Study finds too few Scottish businesses commit to reducing business flights


Royal Bank of Scotland, ScottishPower and SSE are doing too little to cut emissions from business travel, according to a new ranking of corporate leaflets published by the European Federation for Transport and the Environment (T&E).

A new ranking of business air travel reveals that work is underway to reduce corporate emissions, but further action is needed.

Bank of Scotland, part of Lloyds Banking Group, is the only Scottish company to achieve the highest possible rating for its business travel emissions reduction plans. Lloyds previously pledged to cut business travel by 50% by 2021.

The research scores 230 U.S. and European companies on nine indicators, related to emissions reduction targets, reporting and air travel emissions.

The analysis, which includes four Scottish companies – and 39 companies in total from the UK – highlights the significant efforts that some Scottish companies still need to make to reduce their business travel emissions.

Only one company gets an “A”, while the other three get a “C” or a “D”.

RBS has set a company-wide emissions reduction target, but has not yet committed to reducing emissions from corporate jet travel by a certain date.

Energy giant SSE receives the lowest score because it makes no specific effort to reduce emissions from business travel, nor does it disclose its emissions from air travel.

Marie Ferdelman, policy manager at Transform Scotland, the national alliance for sustainable transport, said: “The pandemic has proven that businesses can be as efficient and even more efficient by flying less, and some businesses, including Bank of Scotland , show that reducing emissions from business flight is entirely possible.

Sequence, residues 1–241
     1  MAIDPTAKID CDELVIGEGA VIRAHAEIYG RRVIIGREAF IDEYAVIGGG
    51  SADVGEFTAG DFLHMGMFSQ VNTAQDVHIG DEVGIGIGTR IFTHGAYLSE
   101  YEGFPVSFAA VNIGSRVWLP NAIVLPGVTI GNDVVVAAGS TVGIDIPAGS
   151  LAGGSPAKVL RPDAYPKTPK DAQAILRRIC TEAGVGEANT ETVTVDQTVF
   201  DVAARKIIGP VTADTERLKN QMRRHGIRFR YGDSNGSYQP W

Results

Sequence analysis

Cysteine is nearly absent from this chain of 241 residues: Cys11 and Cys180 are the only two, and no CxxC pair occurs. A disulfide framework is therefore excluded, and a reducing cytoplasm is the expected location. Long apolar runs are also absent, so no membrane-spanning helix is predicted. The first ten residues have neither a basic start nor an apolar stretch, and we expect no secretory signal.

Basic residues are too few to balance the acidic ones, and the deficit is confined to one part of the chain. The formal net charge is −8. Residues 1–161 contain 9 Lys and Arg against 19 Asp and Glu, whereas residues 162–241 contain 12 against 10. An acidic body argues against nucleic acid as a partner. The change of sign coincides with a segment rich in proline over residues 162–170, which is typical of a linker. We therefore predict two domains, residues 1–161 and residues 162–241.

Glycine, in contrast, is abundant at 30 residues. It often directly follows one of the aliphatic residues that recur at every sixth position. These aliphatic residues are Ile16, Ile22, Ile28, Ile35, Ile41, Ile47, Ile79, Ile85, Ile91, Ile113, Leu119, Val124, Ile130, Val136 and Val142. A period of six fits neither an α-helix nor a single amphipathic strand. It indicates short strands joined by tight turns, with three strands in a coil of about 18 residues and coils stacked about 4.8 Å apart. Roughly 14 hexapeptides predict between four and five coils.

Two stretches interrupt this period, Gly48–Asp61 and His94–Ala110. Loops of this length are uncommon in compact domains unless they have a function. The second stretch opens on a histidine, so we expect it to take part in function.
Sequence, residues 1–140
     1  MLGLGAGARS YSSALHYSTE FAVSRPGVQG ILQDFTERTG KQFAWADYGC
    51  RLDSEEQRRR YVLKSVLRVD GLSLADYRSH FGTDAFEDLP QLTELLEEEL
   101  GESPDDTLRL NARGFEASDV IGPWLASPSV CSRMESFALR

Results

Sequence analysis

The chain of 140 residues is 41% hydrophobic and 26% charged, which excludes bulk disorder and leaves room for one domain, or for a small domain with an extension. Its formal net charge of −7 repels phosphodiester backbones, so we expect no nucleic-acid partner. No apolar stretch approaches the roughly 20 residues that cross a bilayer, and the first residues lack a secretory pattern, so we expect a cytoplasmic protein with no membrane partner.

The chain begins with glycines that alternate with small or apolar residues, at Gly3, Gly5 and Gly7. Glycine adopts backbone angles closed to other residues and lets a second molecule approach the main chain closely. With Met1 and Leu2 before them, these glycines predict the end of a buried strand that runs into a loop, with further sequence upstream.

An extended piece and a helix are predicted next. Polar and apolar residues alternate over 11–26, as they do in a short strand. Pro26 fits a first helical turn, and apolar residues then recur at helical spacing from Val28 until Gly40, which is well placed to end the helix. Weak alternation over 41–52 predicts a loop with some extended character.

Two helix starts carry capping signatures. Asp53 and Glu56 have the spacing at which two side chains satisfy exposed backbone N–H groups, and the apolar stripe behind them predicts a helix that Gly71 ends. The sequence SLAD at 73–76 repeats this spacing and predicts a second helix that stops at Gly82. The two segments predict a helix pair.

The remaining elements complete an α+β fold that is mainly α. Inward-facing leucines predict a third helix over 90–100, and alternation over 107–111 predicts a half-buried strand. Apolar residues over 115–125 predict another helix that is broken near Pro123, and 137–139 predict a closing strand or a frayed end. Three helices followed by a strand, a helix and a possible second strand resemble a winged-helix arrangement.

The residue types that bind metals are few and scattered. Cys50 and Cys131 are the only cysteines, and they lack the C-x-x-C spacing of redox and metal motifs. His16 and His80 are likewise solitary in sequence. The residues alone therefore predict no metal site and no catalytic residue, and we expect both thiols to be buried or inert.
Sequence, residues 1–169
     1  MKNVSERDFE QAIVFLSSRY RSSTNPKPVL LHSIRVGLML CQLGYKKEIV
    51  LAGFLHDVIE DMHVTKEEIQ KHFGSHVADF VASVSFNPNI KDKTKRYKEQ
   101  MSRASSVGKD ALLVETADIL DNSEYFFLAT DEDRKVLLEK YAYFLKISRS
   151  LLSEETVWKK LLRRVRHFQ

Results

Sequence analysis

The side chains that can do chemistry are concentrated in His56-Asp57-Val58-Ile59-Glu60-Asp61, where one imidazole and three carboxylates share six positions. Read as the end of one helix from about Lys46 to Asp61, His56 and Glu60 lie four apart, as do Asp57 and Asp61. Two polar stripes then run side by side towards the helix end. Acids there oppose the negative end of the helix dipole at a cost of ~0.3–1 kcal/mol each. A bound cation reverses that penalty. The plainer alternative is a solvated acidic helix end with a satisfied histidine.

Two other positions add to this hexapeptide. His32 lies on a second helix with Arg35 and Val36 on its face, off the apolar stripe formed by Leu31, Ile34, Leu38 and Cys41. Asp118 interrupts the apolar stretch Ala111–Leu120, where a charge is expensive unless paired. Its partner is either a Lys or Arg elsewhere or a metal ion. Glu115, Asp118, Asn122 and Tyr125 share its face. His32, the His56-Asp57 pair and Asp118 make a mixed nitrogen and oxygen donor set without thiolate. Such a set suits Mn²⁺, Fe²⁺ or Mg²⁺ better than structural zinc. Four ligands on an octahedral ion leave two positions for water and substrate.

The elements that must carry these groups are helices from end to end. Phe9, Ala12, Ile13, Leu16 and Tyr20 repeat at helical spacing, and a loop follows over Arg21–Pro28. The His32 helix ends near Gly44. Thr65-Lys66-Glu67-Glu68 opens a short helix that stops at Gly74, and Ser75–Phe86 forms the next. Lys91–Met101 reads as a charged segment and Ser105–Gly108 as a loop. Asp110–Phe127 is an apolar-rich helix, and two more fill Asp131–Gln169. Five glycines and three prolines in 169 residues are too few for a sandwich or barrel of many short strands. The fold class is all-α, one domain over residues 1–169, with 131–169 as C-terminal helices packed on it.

“Reducing business travel makes financial sense for businesses. The Scots are crying out to reduce our dependence on oil, and traveling smarter is an easy way to do that.

A company with an A score has an absolute reduction commitment for air travel, some of which have committed to a reduction target of 50% or more by 2025. These companies have been reporting their commercial or air emissions for more than ‘a year. Only eight companies (3%) in the ranking achieved this score.

Of the 230 companies, 193 have not acted with enough speed and ambition to tackle emissions from business travel. Companies like Google, Facebook and Microsoft are in the lowest category of the ranking – and T&E has warned that they must accelerate their transition to sustainable travel.

T&E’s Climate Neutral Aviation Roadmap for the EU has shown that reducing business travel is the most effective way to reduce aviation emissions in the short term, where it matters most for the climate.

By halving business travel, emissions could be reduced by 32.6 MtCO2 by 2030 in the EU, equivalent to removing 16 million polluting cars from the road.

Matt Finch, UK Director of T&E, added: “Travelling smart is about being as productive as possible and making every meeting count.

“Although not all business travel can be avoided, the train is a fast and environmentally friendly alternative to domestic flights and allows you to continue working on the road.

“Many Scottish companies have already announced targets to halve corporate flying, but we would like to see a lot more commitment to flying less and taking more trains, not just for the good of the planet, it’s is also better for business.”

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